Nov 10, 2017 | By Tess

The Atlantic Council, a Washington, D.C. think-tank has released a new report which outlines the benefits and risks of 3D printing within the aviation sector. The report is entitled “Aviation Security: Finding Lift, Minimizing Drag.”

Within the aerospace and aviations industries, additive manufacturing is becoming increasingly popular, with most, if not all, major aircraft manufacturers exploring and investing in the technology. From Boeing to Airbus, it seems that 3D printing has occupied an important place in the aviation sector.

Of course, adopting a new manufacturing process, especially a digital one, comes with its fair share of challenges and risks, which is what the Atlantic Council seeks to elucidate in its new report.

But first, let’s take a look at some of the benefits that the report attributes to 3D printing technologies. Perhaps most obviously, is the fact that 3D printing enables manufacturers to reduce their material consumption and overall waste. That is, by creating parts using an additive process rather than a tradition subtractive process, less material is needed for a given part’s production.

Other advantages of the technology includes its ability to create complex internal structures, which in turn allows for more lightweight parts, as well as creating small-batch or bespoke parts in a cost-effective manner.

That being said, the report states that just in being a digital-based technology, “there is immediate potential for concern” with 3D printing, especially in terms of cybersecurity risks.

According to the report, additive manufacturing opens up the possibility for three main kinds of cyberattacks: deny, which consists of the disruption of deletion of firmware, software, and product designs; compromise, which is the theft of intellectual property and product design files; and sabotage, which refers to “undetected modification” of printing files with the intention of weakening parts and corrupting their functions.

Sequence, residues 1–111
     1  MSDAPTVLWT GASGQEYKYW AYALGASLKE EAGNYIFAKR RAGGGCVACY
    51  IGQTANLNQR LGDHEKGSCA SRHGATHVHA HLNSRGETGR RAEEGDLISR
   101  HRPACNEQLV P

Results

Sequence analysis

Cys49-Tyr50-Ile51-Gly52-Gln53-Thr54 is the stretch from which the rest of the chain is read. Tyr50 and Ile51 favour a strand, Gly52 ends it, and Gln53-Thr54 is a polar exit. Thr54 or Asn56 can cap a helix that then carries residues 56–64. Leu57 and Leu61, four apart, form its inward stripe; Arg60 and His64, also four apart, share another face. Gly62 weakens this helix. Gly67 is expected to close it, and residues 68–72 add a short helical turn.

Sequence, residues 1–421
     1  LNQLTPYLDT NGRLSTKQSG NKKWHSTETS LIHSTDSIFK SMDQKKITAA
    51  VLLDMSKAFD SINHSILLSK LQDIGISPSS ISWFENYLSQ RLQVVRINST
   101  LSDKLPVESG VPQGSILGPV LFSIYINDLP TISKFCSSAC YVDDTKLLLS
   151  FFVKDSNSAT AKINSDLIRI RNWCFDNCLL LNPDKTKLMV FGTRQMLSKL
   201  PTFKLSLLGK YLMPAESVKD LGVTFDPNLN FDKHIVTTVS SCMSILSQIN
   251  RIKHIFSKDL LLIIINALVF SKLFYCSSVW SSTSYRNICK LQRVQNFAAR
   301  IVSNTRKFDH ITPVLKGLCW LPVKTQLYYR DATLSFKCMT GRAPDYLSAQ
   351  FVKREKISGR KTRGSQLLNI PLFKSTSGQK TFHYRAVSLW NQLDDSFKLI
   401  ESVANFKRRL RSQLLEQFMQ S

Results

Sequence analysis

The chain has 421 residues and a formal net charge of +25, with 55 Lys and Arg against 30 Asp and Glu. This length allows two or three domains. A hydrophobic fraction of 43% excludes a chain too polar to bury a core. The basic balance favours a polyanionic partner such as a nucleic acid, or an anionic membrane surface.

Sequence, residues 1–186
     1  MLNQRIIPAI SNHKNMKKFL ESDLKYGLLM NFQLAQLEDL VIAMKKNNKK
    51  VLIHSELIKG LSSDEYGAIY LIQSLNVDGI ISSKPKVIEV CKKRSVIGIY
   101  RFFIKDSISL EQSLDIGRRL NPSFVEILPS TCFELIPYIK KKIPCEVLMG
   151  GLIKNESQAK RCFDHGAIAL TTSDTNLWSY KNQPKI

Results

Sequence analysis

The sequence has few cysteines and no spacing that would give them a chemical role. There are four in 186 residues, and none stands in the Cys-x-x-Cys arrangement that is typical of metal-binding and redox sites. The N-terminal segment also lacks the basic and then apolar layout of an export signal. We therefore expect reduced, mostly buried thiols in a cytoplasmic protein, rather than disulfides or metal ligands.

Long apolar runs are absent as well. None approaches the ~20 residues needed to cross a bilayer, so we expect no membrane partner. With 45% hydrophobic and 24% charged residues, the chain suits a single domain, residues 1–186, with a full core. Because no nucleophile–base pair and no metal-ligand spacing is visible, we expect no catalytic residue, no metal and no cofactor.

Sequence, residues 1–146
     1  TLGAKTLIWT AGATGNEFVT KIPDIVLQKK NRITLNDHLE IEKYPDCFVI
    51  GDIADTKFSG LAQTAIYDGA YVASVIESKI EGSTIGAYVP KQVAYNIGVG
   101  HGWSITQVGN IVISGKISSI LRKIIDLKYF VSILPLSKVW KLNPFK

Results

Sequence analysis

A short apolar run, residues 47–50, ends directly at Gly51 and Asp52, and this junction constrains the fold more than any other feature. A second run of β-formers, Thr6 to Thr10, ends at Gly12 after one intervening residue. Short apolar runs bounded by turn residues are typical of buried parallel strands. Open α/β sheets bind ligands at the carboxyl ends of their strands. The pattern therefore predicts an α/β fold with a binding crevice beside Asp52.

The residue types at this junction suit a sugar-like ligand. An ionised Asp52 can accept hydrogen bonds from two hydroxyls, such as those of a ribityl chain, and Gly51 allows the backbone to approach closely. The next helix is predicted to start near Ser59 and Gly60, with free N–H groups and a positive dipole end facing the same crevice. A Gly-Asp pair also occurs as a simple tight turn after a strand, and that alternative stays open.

Of the three risks, “deny” is the most obvious, as files and programs would simply be missing, while “compromise” could give adversaries access to protected design files and information. “Sabotage,” in being difficult to detect, could potentially be the most serious type of attack.

As the report says, “The risk of ‘sabotage’ may be an order of magnitude more difficult for the adversary to achieve, but the outcomes could have a greater impact.”

Atlantic Council backs up this statement with a number of research projects which have investigated the matter. The first, it says, demonstrated that it was “possible to compromise either the 3D printer or the design in such a way that the product was weakened in a manner undetectable with standard quality control methodologies.”

Obviously, using a compromised part in an aircraft’s structure could have extremely dire consequences. As another research project demonstrated, a weakened propeller design which was 3D printed and tested for use “failed catastrophically” after only two minutes in action.

As 3D printing becomes more commonplace within the aviation industry, it seems apparent that a number of new and unprecedented types of manufacturing risks will present themselves, which companies will have to investigate and prepare themselves for.

Even the security measures taken to prevent such cyberattacks will have to be monitored and continually updated, as cybersecurity risks will continue to change and advance, like a virus.

As the report states: “Cyber adversaries and their capabilities evolve and adapt quickly. This may be particularly challenging for an industry where many of the systems have long design and development periods. As technology radically transforms design, production, operation, and maintenance of aircraft, models of safety and security must adapt.”

All in all, while additive manufacturing and other digital manufacturing processes are gaining sway in the aviation industry because of their many streamlining benefits, it will be imperative that companies do not overlook the risks that these technologies can present and protect their products from any potential compromise at a cyber-level.

The Atlantic Council report “Aviation Security: Finding Lift, Minimizing Drag,” was authored by Pete Cooper, a senior fellow at the Atlantic Council’s Cyber Statecraft Initiative in the Brent Scowcroft Center on International Security.

 

 

Posted in 3D Printing Application

 

 

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